This is probably because the less traumatised a person is, the less they desire the brutal sledgehammer effect on consciousness that alcohol has, and the less they desire the serenity-at-all-costs mentality that accompanies a tobacco habit. Alcohol is a brutal drug for a brutal age, and legal tobacco might prove to be an anachronism from a time when considerations like human life weighed far lighter than profit.
The desire to alter consciousness, however, also occurs frequently in people who have not been severely traumatised – and these people appear to prefer cannabis.
Cannabis tends to have the effect of making the user more, not less, sensitive. This means that people tend to avoid using it unless they are around people they like in a setting they find comfortable or in a mindstate where some cognitive enhancement, not destruction, is desired.
There is no good reason to limit the freedom of young people to alter consciousness to using alcohol and tobacco.
It may have made sense in an era when the life expectancy of humans was so low that few had the fortune to live long enough to die of alcohol or tobacco-related illnesses, but in the current age denying young people the use of recreational cannabis has the cruel effect of pushing them towards an early death from cancer or heart disease.
With the repeal of cannabis prohibition rising higher and higher in the national consciousness, it seems like a good time to assess the economic impact of a change. The figure of $180,000,000 per year has been touted as the potential savings from a repeal, but how much tax revenue would it bring in?
The paper linked above suggests that the figure ought to be around $150,000,000 per year, but an argument can easily be made that it ought to be more.
In the first ten months of 2016, Colorado sold over USD1,100,000,000 of cannabis. This figure was so high that the total tax receipts for 2016 on cannabis sales in Colorado look set to be more than those for 2014 and 2015 combined.
USD1,100,000,000 over ten months works out to USD1,320,000,000 over twelve months or NZD1,830,000,000 at the current exchange rate. Colorado has a population of 5,400,000 compared to New Zealand’s 4,700,000, which means that New Zealand is 87% as populous as Colorado. Assuming that the total cannabis sales per person is equivalent in New Zealand and Colorado, we can assume from this that the market in New Zealand would be 87% of the Colorado one, or $1,592,100,000 per year.
Rounding this to $1.6 billion, we come to the figure of about $340 per person per annum. Hardened stoners might scoff at this figure, as it represents about one ounce per year, and New Zealand very likely has more hardened stoners than Colorado, but let’s assume this represents a conservative lower figure.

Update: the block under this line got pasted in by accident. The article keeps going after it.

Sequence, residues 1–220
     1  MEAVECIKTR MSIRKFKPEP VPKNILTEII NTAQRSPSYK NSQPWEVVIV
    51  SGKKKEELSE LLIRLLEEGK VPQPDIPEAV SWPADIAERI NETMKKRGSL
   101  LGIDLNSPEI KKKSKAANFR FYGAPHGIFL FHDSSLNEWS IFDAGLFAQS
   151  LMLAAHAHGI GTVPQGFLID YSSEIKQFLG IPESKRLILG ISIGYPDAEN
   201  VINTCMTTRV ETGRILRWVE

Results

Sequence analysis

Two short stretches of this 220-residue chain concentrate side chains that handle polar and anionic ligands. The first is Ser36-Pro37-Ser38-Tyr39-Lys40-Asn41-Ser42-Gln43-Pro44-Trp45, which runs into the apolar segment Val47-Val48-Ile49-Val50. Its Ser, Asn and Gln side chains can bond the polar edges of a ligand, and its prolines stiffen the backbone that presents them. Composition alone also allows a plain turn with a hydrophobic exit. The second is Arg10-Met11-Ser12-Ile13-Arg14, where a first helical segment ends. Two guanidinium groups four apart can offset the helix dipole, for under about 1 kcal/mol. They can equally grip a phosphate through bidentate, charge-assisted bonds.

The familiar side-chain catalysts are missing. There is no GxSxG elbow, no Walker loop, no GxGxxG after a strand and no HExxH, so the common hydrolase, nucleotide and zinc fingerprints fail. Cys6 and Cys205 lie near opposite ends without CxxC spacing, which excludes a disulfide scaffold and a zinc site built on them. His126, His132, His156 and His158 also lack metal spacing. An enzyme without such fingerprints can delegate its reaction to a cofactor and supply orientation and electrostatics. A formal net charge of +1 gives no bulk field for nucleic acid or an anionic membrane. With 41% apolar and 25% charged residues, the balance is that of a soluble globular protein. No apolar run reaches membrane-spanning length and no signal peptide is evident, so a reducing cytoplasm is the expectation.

Simply taking 15% GST on this volume gives us $240,000,000 per year. So it’s fair to say that the $150,000,000 touted above is a very, very conservative figure.
This figure of $240 million is assuming that cannabis is not subject to some kind of vice tax in the way that alcohol and tobacco are. In Washington, the State Government took a 40% cut of the total sales.
The Washington market is not as well developed or planned as the Colorado one, and is thus much smaller. But if the New Zealand market developed like Colorado, a 40% tax would (even allowing for a 10% reduction in total sales on account of the tax) reap $500,000,000 per annum.
The likelihood is that someone on the Government side will end up making the argument that legal cannabis will reduce legal alcohol sales and thus alcohol tax income, and therefore a vice tax will have to be placed on legal cannabis to make up for the shortfall.
The majority of the country will find this logic entirely reasonable, which is in fact regrettable but this is outside the scope of this article. It will probably get pushed through.
In any case, the chances of a cannabis tax up to or even exceeding Washington’s 40% are very real, as New Zealand has a lot more inbred, out-of-touch, sanctimonious wowsers than Washington.
Realistically, then, we could count on tax money from a mature legal recreational cannabis market bringing in half a billion to Government coffers every year. This figure would be considerably higher if we did so now and got the jump on Australia, as there are legions of Aussies who would happily fly a few hours to New Zealand for a weed holiday.